South Africa is a logical starting point and an underrated backpacking spot. Tours, or even better a hop-on-hop-off backpacker bus, are a great, cheap option. Youíre not wimping out on the real travel experience, simply making things work ó the risk of riding around on South African public transport with a backpack and a wallet full of cash just isnít worth taking. Either that or hire a camper, but now youíre talking some serious dollars. DO NOT walk around with your money belt or your pack.

The rest of southern Africa is safer crime-wise than South Africa, and there is still plenty to see and do. If youíre not heading anywhere else youíre going to want to go on a safari, but expect to spend $120 ó 150USD a day.

For my money, East Africa is where itís at. Ethiopia is underrated and cheap ($20USD a day); Kenyaís safaris are cheaper ($100 ó $125USD per day) and arguably better than anywhere else; Uganda is as friendly as anywhere youíll find, and there are gorillas ó yes, gorillas (though expect to spend about $500 USD to see them in the wild for an hour). Add the lakes and Mt Kilimanjaro of Tanzania, and youíre onto a winner.

Latin America:

Do not be fooled. Latin America is huge, and has this mountain range you might have heard of running through it. Oh, and a really big river named after an online bookstore. The point is, donít bite off more than you can chew. Youíre really dealing with at least three distinct areas: Central America, the more developed Westernised south (Brazil, Argentina, Chile), and the ďless developedĒ (read: Westernised) Amazon basin/Incan countries like Bolivia, Peru, and Colombia.

Top tip: A little bit of Spanish goes a long way (except in Brazil of course, where they will politely tell you to fuck off in Portuguese). Even really basic words will make your life a lot easier. Generally visas and borders are easy, but there are certainly some areas where you want to take a bit more care than usual. Getting robbed, as in having every single thing you own taken, is not uncommon if youíre going off the beaten path. Accept that itís going to happen and plan how youíll deal with it. If it doesnít happen, bonus.

The Big Three of Latin America would have to be the Iguassu Falls (border of Brazil and Argentina), the Inca trail (Peru), and the Amazon river (lots of places). When you have to put cities like Rio outside of the top three, you know youíre onto a winner. Flights in and out arenít cheap, and your daily spend can get up to around $50USD. But for most people, itís an unbeatable experience.

The Middle East:

Bombs! And terrorists! Terrorists with great big bombs! But not really. The Middle East is roughly as safe as anywhere else in the world, and while some hot spots like Syria should probably be avoided at the moment, youíre really not going to run into any serious trouble, and generally the level of crime is lower than in Africa or Asia (probably due to the very serious punishments for minor crimes).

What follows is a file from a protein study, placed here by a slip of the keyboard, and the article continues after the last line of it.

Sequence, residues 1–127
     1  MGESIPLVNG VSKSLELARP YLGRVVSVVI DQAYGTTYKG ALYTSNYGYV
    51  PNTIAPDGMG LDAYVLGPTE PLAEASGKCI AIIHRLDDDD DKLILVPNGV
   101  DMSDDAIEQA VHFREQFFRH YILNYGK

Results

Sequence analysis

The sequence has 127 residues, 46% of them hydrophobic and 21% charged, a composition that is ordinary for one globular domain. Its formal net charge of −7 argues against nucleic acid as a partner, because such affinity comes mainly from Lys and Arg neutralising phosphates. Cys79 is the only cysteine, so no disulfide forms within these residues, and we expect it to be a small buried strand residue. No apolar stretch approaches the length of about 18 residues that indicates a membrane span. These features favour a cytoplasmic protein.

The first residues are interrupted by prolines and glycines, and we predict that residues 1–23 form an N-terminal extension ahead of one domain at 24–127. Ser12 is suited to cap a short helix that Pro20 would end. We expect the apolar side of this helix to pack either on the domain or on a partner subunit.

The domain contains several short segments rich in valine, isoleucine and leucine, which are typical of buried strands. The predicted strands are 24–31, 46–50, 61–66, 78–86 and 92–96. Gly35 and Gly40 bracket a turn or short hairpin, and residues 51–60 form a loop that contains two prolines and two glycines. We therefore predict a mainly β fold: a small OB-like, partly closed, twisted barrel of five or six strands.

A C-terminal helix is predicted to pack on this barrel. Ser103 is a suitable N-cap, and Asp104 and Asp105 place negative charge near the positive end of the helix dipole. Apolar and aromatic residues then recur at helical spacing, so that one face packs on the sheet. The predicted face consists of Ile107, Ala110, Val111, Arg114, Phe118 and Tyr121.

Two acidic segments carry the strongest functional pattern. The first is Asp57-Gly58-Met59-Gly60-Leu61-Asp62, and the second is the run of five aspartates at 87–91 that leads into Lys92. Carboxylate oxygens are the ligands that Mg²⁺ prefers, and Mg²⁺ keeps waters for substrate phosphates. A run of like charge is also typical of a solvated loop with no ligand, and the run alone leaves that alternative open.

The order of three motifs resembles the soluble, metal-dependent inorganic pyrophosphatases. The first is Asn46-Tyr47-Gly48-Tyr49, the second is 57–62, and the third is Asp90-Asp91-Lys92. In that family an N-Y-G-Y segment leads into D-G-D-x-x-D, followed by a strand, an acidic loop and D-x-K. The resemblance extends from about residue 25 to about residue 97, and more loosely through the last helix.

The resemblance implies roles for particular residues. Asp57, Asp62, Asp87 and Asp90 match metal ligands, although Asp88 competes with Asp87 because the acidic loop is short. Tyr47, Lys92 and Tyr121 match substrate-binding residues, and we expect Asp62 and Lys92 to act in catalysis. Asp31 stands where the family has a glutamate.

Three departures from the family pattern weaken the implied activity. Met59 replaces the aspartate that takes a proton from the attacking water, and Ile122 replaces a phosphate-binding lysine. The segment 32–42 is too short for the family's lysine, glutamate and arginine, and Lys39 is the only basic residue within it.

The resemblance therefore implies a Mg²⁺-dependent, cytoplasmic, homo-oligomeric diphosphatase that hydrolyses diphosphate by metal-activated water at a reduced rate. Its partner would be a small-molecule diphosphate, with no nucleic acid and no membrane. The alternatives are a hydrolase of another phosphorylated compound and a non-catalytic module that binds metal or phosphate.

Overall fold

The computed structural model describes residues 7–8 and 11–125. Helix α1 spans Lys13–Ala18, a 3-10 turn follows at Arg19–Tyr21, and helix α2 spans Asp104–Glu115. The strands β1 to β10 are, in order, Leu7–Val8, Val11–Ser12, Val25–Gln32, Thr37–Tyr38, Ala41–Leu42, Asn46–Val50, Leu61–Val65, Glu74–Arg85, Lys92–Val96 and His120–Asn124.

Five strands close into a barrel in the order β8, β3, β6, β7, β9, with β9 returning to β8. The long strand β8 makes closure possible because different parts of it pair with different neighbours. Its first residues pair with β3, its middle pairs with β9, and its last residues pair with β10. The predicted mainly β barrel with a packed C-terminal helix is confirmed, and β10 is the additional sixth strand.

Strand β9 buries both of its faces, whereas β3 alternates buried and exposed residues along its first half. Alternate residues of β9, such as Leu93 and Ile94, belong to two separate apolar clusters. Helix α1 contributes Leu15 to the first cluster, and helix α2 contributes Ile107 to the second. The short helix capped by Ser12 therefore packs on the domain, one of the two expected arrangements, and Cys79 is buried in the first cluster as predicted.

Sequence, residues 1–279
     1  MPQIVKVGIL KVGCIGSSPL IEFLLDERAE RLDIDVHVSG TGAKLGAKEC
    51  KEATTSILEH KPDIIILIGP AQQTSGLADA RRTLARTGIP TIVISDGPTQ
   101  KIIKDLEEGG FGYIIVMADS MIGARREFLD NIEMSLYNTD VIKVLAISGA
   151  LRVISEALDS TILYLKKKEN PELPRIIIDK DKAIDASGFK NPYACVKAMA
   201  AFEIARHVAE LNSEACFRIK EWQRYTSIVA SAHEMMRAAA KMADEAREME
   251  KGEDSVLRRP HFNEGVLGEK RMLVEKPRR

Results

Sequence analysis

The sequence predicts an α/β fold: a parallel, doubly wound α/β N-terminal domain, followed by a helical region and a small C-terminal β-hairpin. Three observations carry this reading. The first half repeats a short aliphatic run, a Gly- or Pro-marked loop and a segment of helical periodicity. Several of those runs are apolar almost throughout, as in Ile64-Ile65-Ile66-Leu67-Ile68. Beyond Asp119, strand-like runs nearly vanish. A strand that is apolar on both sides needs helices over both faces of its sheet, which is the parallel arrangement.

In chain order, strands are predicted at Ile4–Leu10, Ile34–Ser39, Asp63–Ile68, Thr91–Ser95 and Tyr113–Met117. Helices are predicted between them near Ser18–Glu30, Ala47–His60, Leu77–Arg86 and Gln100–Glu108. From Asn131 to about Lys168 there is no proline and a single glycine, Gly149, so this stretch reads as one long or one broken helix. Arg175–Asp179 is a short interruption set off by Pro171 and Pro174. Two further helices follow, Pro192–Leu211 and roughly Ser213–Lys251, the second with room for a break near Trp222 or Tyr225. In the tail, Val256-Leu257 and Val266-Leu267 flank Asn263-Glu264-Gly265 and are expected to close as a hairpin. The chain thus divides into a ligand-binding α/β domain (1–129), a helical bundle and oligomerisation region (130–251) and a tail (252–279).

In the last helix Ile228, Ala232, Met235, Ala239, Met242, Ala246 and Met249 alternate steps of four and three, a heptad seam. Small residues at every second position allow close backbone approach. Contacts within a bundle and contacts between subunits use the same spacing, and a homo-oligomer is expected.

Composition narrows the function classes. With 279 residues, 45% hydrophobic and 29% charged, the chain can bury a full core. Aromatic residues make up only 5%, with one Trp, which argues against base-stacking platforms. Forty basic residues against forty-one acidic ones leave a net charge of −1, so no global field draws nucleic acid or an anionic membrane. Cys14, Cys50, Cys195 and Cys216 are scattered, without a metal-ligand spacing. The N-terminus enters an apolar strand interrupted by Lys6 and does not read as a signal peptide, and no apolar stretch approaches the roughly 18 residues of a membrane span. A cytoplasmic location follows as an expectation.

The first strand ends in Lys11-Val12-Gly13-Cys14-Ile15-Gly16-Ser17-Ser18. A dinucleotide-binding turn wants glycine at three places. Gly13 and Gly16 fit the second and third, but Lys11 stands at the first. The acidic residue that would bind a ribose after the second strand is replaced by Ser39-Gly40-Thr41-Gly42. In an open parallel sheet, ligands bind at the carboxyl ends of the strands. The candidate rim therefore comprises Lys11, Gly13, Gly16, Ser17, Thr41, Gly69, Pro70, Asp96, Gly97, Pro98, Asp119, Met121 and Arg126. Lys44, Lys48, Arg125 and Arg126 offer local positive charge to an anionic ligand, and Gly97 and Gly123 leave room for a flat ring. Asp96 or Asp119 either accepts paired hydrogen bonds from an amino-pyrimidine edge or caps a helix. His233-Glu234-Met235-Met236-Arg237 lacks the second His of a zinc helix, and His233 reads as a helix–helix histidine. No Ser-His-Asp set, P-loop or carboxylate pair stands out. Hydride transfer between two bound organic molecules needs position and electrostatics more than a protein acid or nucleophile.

Most of the Middle East is Muslim, and they are generally very hospitable hosts. Sure, they may not be keen on Americaís foreign policy, but theyíre hardly going to blame all Westerners for that. You can expect the average person to know a lot more about the state of affairs in the world than you could in any Western country.

Turkey is a real highlight ó taking the ferry across Istanbul harbour to watch the sun set on Europe is pretty cool. Israel and even Palestine are great spots to travel through, and really very safe though undoubtedly more expensive than other countries (for Israel youíre looking at $45USD a day, for everywhere else, around $30USD). Itís important to remember that Israel is usually best done last, as some states still wonít let you in if you have an Israeli passport stamp...

Iran is supposed to have the friendliest people in the world, while Egypt has, you know, those pyramid things. If youíre a bit cautious about Middle Eastern travel, try out Turkey first. If you feel comfortable, just keep going.

Other stuff to keep in mind

Cash Money

Travel is expensive, with the biggest outlay for Kiwis those initial flights to get off these little islands and all the way to another hemisphere. Round the world airfares can be very good value, and with the ability to travel overland through some sections and then pick up the flights again theyíre a great option. The only restriction is that most of them require your trip to be completed within 12 months (some are now up to 18). So theyíre not ideal if youíre doing a seriously long trip.
Youíll often get told to buy an ISIC card, but truth is theyíre pretty useless. The only decent discount you get is at the Louvre, but they can get you good discounts on flights. If you need it for the flight discount, get it and take it with you just in case. Your Otago ID will not be accepted anywhere, so donít bother taking it.